Gangmasters 'exploiting Polish migrants in Wales'.
Criminal gangmasters are operating in Wales exploiting immigrant workers, a leading founder of Poland's Solidarity movement warned yesterday.
Jozef Pinior, now a member of the European Parliament, travelled to the Welsh Labour conference in Swansea to expose the plight of many Polish migrants who are paying big fees to travel to Wales with the promise of well-paid work that does not materialise. Instead, they find themselves on low wages and paying over the odds for accommodation.
He told delegates, 'Too often and for too many migrants, the promise of profitable employment in Wales ends in hardship and anguish at the hands of unscrupulous gangmasters.'
Mr Pinior went on to refer specifically to the situation in Llanelli where gangmasters are procuring Polish workers, many from Mr Pinior's constituency of Wroclaw, for local food-processing factories.
The workers are charged about pounds 200 for a one-way bus ticket and coerced into signing 'zero-hour' contracts. They are employed for long hours on night shifts and weekends for a minimum wage, while their contracts with the gangmaster compel them to pay around pounds 60 a week for transport and sub-standard and crowded accommodation. The payments must be made despite no guarantee of regular work or pay.
After the foundation of Solidarity in 1980, Mr Pinior worked closely with Lech Walesa and others to secure recognition for the first independent trade union in Eastern Europe since the Second World War. Days before martial law was announced in 1981, with an order that all Solidarity's assets should be seized, Mr Pinior was given responsibility for withdrawing 80 million zloty from the union's bank account and hiding it in a place that would enable significant underground activity to continue. He hid the money in the palace of the Archbishop of Wroclaw. The result of the continuing pressure put on the repressive regime by Solidarity was the arrival in power of a non-communist government in 1989.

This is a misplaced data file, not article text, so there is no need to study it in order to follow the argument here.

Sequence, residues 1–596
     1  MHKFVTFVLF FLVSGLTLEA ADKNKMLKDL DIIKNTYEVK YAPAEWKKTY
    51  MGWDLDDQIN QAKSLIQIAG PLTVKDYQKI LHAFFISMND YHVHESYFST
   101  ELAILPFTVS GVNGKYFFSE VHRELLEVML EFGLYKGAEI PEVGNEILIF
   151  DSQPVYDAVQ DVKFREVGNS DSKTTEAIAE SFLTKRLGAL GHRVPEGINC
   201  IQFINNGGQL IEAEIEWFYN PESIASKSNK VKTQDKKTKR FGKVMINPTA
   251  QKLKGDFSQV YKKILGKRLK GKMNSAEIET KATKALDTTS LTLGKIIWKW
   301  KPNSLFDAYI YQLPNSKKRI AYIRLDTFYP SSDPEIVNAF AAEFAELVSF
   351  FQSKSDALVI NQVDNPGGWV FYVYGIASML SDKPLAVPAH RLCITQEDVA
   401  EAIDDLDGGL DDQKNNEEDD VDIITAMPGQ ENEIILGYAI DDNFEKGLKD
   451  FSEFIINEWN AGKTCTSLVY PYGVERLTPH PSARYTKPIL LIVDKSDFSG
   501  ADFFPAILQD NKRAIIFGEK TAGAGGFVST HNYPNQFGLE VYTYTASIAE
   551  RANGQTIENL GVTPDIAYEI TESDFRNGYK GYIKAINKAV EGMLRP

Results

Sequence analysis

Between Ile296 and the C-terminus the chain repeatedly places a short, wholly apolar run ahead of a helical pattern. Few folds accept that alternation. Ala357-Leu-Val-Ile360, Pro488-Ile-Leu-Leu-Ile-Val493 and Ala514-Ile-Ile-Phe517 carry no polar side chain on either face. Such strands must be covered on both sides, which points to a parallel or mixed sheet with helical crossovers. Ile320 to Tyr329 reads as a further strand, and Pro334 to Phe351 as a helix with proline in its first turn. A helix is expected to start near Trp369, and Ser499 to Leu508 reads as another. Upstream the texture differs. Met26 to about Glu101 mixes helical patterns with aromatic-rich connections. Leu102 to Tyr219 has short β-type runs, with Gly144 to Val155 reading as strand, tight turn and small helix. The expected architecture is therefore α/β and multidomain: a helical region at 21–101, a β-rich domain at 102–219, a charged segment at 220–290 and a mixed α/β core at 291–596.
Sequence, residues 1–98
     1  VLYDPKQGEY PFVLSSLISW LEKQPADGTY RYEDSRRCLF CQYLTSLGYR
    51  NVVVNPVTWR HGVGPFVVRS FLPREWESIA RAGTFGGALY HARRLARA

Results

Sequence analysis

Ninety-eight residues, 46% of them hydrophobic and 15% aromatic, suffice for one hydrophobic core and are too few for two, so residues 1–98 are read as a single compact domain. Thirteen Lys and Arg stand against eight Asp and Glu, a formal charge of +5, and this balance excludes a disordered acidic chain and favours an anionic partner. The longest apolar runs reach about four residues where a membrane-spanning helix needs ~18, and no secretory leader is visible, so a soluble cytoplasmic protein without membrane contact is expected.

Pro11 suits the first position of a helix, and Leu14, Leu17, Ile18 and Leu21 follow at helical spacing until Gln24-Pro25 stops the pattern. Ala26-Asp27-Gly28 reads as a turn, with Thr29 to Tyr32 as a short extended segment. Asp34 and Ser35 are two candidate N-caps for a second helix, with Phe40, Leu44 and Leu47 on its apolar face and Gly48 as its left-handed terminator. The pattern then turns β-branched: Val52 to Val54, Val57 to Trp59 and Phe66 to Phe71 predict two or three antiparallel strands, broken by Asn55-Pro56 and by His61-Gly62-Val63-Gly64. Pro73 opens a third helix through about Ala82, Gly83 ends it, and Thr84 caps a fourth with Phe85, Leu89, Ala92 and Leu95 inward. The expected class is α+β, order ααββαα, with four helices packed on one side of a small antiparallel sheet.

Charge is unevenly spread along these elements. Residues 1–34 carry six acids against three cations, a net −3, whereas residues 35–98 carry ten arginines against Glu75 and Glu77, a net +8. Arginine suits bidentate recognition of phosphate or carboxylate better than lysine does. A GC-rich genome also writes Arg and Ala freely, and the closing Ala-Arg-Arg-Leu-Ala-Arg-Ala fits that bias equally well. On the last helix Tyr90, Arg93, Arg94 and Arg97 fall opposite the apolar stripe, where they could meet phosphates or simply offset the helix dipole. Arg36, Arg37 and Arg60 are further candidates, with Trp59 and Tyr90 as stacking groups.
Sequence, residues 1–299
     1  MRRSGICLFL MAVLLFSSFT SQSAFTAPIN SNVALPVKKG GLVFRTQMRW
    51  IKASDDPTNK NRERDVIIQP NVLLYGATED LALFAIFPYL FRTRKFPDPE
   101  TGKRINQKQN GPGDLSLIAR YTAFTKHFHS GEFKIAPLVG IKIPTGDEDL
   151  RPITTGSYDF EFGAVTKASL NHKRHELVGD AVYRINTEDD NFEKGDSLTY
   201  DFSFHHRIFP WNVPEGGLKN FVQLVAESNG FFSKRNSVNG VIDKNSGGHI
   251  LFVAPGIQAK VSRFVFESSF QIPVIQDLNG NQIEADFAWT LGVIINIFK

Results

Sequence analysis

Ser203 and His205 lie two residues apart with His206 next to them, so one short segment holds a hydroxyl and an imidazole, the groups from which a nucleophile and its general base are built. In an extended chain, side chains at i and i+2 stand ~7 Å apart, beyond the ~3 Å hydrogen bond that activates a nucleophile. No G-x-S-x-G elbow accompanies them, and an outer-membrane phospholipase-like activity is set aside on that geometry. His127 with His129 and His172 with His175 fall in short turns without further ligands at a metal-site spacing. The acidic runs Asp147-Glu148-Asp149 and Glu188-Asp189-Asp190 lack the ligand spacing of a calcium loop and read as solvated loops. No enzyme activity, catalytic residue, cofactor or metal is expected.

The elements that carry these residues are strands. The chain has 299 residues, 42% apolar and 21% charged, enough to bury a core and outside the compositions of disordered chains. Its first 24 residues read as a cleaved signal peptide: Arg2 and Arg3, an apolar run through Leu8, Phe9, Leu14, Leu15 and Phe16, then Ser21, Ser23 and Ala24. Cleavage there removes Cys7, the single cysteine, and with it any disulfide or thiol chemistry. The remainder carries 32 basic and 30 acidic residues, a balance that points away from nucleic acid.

Mr Pinior said, 'I spent some years as an academic before returning to politics. I organised the Yes to Europe campaign in my area during the referendum that resulted in Poland joining the EU. I was then elected as a social democrat MEP in 1994. I am fully behind the free labour market, but strongly believe that people deserve to be treated with decency.'
Wales Euro-MP Eluned Morgan, who facilitated Mr Pinior's appearance at the conference, is working with him to raise awareness of such gangmasters and close the zero-hour contract loophole.
She said, 'We cannot turn a blind eye when migrant workers suffer exploitation and are told that they are worth less than national workers doing the same jobs. These migrants are filling essential vacancies in many of our key industries including agriculture, hospitality, food processing and health services. They are vital to the future success of the Welsh economy and should be valued as such.'
Ms Morgan pointed out that in the UK today, with the highest employment level of any G7 country, there are 600,000 unfilled job vacancies.
The Labour Government has already recognised that current measures to protect migrants from exploitation are insufficient.
Earlier this month it announced new measures to ensure all gangmasters must be licensed.
To obtain a licence, gangmasters will have to ensure they are not using illegal labour and not illegally exploiting migrants or forcing them to work in dangerous conditions.
Anyone found operating without a licence will be fined up to pounds 5,000 or jailed for up to 10 years.